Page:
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The Complete Guide to SBA Working Capital Loans: Everything to Know

Published July 5th, 2022 by Cornerstone Capital Advisors

A worrying 29% of small businesses fail due to a lack of capital. 

That lack of capital means it's nearly impossible to keep up with day-to-day expenses. Luckily, however, there are quite a few loans out there made to help small businesses pull through tough times. 

One of the most popular ones is the SBA Working Capital Loans. 

Let's take a look at what they are, who is eligible for them, and how to apply for one.  

What Are Working Capital Loans?

A working capital loan helps small business owners pay for day-to-day expenses such as rent payments, debt payments, payroll coverage, and the purchase of vital inventory. 

For seasonal businesses, this can be particularly useful. Some extra working capital can help keep everything functioning in the off-season, so you can rake in profits during the peak season. 

There are a variety of different kinds of working capital loans. The following four are the most common: 

  • term loans (for upfront lump-sum payments)
  • business lines of credit (for drawing money as needed)
  • invoice financing (for borrowing money based on customer orders)
  • SBA Working Capital Loans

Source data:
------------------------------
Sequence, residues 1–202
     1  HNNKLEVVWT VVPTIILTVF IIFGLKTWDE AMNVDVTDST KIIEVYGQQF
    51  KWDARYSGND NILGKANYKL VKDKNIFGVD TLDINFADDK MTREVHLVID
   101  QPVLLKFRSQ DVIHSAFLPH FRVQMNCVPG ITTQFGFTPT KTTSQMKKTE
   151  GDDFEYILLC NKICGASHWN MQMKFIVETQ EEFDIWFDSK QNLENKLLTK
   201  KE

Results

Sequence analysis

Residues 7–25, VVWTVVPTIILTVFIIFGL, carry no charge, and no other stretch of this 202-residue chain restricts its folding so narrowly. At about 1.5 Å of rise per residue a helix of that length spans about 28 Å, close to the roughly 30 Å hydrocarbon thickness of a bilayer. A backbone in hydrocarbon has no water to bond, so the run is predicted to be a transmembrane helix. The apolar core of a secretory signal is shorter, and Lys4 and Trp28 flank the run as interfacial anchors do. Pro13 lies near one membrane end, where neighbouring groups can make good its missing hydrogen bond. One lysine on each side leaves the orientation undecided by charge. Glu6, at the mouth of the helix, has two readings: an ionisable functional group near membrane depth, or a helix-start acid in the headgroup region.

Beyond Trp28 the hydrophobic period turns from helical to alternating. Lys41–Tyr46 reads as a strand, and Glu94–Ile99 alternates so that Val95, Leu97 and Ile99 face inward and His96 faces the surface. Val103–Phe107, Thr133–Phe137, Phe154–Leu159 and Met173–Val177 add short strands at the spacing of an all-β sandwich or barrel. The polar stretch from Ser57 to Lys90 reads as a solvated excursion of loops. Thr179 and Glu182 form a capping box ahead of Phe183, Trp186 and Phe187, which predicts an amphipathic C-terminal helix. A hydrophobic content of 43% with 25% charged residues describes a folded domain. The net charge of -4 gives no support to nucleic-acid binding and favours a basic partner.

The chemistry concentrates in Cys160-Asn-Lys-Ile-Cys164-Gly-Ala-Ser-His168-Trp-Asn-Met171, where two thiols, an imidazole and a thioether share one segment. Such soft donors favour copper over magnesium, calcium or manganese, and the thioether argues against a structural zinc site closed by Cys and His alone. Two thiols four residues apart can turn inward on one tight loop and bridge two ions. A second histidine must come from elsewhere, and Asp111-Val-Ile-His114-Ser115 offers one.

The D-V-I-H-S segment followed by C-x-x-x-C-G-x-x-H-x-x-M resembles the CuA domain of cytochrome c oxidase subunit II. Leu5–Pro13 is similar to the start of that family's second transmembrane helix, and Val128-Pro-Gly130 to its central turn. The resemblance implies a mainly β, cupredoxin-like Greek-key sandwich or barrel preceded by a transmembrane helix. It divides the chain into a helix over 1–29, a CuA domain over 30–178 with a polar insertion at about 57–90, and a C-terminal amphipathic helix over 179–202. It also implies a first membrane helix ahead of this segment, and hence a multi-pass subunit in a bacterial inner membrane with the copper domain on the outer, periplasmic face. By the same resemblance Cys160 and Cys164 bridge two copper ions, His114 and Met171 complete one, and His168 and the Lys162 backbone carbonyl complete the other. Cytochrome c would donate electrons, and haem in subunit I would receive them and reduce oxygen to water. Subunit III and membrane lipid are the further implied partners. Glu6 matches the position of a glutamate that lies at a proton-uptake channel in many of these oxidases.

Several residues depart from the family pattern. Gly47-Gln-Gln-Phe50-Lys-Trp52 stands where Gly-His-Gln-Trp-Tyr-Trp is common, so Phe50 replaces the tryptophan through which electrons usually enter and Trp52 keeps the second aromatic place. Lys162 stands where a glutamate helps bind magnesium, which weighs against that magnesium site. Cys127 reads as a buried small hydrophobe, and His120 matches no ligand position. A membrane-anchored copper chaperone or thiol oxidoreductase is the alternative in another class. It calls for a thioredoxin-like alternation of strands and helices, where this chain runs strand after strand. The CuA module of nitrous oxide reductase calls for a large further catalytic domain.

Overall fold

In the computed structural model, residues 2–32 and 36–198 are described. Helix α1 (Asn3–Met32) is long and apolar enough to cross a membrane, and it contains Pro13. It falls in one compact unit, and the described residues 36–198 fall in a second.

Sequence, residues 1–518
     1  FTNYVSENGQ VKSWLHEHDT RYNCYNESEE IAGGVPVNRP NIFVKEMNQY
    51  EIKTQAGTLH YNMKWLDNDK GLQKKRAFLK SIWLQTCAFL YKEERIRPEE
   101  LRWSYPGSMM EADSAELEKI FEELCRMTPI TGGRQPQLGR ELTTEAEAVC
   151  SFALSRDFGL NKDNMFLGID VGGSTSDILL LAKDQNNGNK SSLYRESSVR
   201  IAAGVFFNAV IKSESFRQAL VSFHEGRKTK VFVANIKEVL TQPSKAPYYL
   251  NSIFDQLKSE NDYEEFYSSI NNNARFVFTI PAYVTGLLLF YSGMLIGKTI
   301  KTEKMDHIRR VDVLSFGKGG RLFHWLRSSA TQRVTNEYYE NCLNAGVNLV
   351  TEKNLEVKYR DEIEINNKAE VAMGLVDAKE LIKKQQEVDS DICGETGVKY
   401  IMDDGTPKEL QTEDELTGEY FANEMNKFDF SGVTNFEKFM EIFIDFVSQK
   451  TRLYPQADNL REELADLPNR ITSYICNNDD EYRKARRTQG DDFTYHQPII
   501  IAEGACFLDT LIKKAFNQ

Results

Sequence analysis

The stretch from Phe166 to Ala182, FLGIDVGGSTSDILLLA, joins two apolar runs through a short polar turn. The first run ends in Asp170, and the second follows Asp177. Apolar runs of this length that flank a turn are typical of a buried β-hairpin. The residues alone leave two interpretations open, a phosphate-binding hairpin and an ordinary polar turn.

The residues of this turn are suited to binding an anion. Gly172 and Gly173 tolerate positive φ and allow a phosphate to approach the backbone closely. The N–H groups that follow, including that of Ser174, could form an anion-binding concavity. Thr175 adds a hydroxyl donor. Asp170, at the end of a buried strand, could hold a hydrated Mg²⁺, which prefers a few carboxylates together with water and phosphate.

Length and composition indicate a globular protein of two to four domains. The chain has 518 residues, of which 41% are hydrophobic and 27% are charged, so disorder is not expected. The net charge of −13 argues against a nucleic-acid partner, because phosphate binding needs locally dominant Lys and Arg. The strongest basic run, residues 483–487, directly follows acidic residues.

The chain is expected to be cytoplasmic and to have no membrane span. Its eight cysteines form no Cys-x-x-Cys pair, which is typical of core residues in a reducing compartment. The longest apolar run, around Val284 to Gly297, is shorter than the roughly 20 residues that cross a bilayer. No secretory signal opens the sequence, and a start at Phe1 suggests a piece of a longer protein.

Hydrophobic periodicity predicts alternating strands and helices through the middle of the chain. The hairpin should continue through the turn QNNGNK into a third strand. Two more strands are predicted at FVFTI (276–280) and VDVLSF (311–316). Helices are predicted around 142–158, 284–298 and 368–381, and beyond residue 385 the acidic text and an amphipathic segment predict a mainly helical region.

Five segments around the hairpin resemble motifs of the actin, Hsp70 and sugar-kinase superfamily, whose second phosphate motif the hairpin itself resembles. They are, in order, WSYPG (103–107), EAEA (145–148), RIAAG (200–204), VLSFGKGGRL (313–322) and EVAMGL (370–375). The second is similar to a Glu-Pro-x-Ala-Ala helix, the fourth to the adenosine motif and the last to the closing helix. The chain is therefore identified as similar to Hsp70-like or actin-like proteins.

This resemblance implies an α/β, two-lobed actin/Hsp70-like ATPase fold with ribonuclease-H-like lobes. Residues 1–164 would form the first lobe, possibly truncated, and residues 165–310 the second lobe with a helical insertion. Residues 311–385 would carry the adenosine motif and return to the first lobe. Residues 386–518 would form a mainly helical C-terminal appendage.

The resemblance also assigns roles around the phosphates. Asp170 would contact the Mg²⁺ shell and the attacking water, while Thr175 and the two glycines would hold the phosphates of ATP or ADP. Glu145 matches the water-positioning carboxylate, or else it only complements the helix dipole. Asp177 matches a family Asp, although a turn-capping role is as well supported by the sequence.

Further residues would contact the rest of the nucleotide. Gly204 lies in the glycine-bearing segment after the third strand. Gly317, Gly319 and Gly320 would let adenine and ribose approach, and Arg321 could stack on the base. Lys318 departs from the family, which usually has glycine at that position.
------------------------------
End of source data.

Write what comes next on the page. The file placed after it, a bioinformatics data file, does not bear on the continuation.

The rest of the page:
All four can provide short-term loans to pay for daily expenditures.

What Are SBA Working Capital Loans?

SBA Working Capital Loans are specific kinds of working capital loans that come in three main varieties:

  • 504 loans for fixed assets up to $5 million
  • Microloans for working capital up to $50,000
  • 7(a) loans for working capital up to $5 million

Of the three, the 7(a) loans are by far the most popular. 

Regardless of which one you choose, each loan is backed with a guarantee by the U.S. Small Business Association (SBA). This guarantee means the SBA will pay up to 85% of the loan to the loan provider if the borrower defaults on the payment.

Since the SBA doesn't provide the loans itself, it needs to work with those who do — namely, traditional banks, credit unions, and online lenders.

In the past, most of these lending partners thought small business loans were too risky. However, with the SBA backing, they're more likely to take that risk. 

To justify the guarantee, however, the SBA often requires the small business borrower to offer up collateral that they can seize if they default on payments. Alongside that, anyone who has a 20% stake in the company has to offer up something as well. 

Who Qualifies for SBA Working Capital Loans?

SBA Working Capital Loans are not for everyone. To determine if your business is eligible, it needs to meet a set of criteria set out by the SBA. 

In particular:

  • be a for-profit small business
  • be registered and physically located in the U.S. 
  • exhaust other financial options 
  • show a reasonable amount of invested equity
  • prove the funds are for business purposes 

If you pass the eligibility requirements, then you can move on to the loan application process. 

How to Apply for SBA Working Capital Loans

The SBA loan application process can get a bit complex. However, we've simplified it into five easy steps. Let's take a look. 

1. Define Business Needs

As we saw above, there are plenty of ways to raise capital for your business. This can range from business lines of credit or business credit cards to term loans and microloans.